peak provides some of the most striking scenery in the Khumbu,
which provides an enjoyable climb. If the peak can be likened
to an island in a glacial sea, then the mainland forms a semicircle
of cliffs that rise in the north to the rugged summits of
Nuptse (7,879m/25,850ft), Lhotse (8,501m/27,890ft), Lhotse
Middle Peak (8,410m/27,590ft), as yet still unclaimed and
Lhotse Shar (8,383m/27,503ft). To the east, rising above the
frozen waves of the Lhotse Shar Glacier, is Cho Polu (6,734m/22,093ft),
beyond which can be seen the red granite mass of Makalu (8,475m/27,805ft).
To the south of the Imja Glacier the icy flutings of Baruntse
(7,720m/25,328ft) and Amphu peaks lead the eye to the lofty
pinnacle of Ama Dablam (6,856m/22,493ft),which is like a giant
sea-stack guarding the entrance to the glacial bay in which
Island Peak stands.
Everest Base Camp trek should be followed from either Lukla
or Kathmandu as far as Tsuro Og. Where the trail divides,
take the right-hand branch leading to Dingboche and Chhyukhung.
– East Flank and South – West ridge
was the route of the first ascent. After a little rock scrambling
the route involves a small amount of glacier crossing followed
by a short, steep snow climb to a ridge which leads to the
usual site for base camp is at Pareshaya Gyab(5,087m/15,518ft),
between Imja Tse and the lateral moraine of the Imja Glacier.
This is not a particularly attractive place and in the event
of very heavy snowfall it has proved to be exposed to acalanche
reach base camp from Chhukhung (4,730m/15,518ft), the path
at first climbs quite steeply to the south before following
the moraine east along the main valley below the southern
or true left bank of the Lhotse Glacier. The trail then follows
glacial streams to the snout of the Imja Glacier. At this
point the path swings north – east and crosses a dried
up lake bed between the Lhotse and Imja Glaciers.
base camp the route skirts south-east around the base of Imja
Tse between the moraine and the mountain before turning north
– east and climbing steep grassy slopes and small rocky
steps. Occasional cairns are to be found marking the path.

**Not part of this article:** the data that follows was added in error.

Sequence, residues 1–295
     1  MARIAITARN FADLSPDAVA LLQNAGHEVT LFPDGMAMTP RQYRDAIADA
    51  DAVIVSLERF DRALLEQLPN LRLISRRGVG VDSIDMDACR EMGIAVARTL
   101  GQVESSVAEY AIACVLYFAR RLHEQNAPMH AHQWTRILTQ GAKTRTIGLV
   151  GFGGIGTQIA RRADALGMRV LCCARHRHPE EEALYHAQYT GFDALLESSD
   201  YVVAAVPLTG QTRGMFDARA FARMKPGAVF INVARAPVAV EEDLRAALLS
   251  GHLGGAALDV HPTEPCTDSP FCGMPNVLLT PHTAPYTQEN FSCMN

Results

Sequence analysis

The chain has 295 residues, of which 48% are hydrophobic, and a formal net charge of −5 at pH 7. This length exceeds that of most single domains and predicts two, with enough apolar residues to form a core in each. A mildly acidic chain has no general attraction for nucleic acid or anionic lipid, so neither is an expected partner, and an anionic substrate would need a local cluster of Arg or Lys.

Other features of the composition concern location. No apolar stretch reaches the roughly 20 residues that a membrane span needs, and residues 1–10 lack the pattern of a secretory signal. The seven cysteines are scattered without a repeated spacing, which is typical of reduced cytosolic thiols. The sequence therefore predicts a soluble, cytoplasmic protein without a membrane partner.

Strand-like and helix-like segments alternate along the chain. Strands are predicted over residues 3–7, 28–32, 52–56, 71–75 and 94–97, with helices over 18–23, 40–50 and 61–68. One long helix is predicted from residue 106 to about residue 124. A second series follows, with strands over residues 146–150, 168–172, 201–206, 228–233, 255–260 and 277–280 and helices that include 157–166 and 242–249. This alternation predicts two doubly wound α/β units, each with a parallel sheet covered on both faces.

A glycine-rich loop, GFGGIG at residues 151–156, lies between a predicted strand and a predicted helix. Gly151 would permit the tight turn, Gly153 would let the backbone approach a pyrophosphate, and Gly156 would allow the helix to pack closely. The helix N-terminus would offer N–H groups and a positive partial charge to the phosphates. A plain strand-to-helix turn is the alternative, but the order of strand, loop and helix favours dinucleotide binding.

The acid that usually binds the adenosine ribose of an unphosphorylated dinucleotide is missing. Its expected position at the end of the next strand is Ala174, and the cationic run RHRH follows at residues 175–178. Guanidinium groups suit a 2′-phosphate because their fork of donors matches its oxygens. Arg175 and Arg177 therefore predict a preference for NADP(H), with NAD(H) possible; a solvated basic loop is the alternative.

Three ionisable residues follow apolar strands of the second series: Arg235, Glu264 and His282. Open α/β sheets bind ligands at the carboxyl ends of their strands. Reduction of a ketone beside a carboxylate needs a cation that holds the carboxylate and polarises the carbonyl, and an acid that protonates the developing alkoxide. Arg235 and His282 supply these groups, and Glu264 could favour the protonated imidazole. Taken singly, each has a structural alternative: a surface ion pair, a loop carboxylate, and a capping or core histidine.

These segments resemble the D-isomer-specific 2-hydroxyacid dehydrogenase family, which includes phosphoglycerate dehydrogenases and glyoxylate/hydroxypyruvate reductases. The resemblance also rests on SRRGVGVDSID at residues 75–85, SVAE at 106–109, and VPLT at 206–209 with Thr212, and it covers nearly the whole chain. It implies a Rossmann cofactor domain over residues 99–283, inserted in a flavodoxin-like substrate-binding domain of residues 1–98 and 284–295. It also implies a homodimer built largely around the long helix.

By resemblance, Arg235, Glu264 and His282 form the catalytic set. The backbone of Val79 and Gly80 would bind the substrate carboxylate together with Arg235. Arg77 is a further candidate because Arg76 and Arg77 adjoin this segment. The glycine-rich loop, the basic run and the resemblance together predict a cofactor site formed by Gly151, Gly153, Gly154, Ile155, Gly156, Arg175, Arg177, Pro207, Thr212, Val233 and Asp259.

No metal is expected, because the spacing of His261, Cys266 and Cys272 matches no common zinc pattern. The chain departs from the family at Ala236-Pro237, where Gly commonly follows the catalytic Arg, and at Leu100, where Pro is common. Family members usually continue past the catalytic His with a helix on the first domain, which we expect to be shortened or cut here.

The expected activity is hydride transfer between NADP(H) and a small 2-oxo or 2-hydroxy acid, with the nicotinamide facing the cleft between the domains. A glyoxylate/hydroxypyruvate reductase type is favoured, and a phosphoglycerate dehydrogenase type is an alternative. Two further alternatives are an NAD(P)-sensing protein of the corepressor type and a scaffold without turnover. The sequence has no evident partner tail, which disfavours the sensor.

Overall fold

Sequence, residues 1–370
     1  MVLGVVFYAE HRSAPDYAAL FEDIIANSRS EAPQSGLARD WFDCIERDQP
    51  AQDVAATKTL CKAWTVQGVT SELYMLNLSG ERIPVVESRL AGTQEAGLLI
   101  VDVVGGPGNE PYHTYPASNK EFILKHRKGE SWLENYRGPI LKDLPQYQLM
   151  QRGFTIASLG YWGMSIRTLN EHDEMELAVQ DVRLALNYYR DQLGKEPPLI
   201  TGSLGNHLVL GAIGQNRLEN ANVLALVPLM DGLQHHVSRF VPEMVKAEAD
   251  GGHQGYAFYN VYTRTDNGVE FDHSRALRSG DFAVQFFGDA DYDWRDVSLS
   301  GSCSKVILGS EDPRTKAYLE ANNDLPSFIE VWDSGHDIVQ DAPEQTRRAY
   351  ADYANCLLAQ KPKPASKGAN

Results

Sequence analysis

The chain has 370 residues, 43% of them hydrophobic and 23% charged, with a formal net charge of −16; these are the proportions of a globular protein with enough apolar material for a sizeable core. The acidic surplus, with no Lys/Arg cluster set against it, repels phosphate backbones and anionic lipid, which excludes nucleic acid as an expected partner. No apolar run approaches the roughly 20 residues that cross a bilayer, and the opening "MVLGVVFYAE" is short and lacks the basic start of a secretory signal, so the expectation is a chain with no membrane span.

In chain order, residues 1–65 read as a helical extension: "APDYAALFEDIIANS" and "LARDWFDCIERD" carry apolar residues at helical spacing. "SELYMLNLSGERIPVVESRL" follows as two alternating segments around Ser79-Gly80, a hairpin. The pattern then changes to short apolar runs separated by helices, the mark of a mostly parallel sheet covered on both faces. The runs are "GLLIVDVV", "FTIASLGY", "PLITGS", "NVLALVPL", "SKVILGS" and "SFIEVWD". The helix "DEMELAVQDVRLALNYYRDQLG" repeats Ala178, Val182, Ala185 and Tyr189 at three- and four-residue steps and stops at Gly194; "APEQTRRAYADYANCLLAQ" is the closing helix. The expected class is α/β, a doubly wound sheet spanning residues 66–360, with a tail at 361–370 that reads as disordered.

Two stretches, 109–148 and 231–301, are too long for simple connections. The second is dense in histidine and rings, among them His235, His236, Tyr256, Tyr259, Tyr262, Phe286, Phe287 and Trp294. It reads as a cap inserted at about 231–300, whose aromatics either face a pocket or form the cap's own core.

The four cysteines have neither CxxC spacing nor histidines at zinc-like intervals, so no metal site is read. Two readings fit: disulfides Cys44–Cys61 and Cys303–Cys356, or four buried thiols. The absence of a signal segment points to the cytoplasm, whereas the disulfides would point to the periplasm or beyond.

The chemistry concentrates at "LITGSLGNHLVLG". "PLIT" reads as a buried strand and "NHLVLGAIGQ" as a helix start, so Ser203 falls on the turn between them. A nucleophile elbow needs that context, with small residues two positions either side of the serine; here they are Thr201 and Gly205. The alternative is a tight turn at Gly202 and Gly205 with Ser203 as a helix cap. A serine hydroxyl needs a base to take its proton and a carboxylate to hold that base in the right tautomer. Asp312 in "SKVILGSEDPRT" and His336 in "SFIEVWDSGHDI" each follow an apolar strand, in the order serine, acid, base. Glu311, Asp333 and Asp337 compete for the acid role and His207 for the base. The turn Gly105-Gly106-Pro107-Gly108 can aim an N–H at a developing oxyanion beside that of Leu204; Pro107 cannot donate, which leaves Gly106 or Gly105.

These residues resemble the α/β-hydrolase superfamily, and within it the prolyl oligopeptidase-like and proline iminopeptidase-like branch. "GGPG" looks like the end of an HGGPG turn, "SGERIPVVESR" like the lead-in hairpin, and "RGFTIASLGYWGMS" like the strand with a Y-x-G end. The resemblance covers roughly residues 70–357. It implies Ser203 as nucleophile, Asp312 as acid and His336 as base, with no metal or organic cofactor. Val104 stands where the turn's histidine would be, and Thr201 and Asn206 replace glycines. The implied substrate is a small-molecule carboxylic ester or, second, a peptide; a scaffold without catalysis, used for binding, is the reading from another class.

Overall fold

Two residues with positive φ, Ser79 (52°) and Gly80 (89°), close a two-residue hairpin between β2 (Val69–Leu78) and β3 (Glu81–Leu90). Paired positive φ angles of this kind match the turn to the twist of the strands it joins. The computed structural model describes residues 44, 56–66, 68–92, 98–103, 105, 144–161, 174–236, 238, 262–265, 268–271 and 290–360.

Easy scrambling up an open gully leads between two well-defined
ridges and the site of high camp on the left- hand ridge below
and to the right of a small hanging glacier (5,208m/17,323ft).
the high camp on the left-hand ridge scramble across the broad
open gully and gain the right – hand ridge. Follow this,
which gives easy scrambling to the snow- covered glacier above.
A way needs to be found out leftwards, avoiding seracs and
crevasses before turning back northwards over snow covered
scree in the margin between the glacier and the base of the
main summit ridge.
that a steep snow and ice ramp leads upwards for nearly 100
metres (300 feet), to the summit ridge. The ridge itself is
a classic and undulates towards the main summit that is reached
by a final tricky snow pitch.
ascent was made by Alf Gregory, Dick Cook and two sherpas.
North of the main summit the ridge continues to a col (5,700m/18,700ft).
the route climbs the ridge from the col, which is reached
by following the true right bank of the Imja Glacier and later
the moraines on the right bank of the Lhotse Shar Glacier,
before climbing north- west over snowy slopes to the col.
On the first ascent, a camp was placed on the col.
doubt a complete traverse of both the routes describe would
make a superb outing, especially so with parties traversing
from each end so that there was no need to backtrack to collect
west face of the mountain also offers good routes although
none have been recorded. Dr. Peter Hackett, when he was resident
doctor at Pheriche hospital, did climb on the west side of
the mountain but no details of his exploration are available.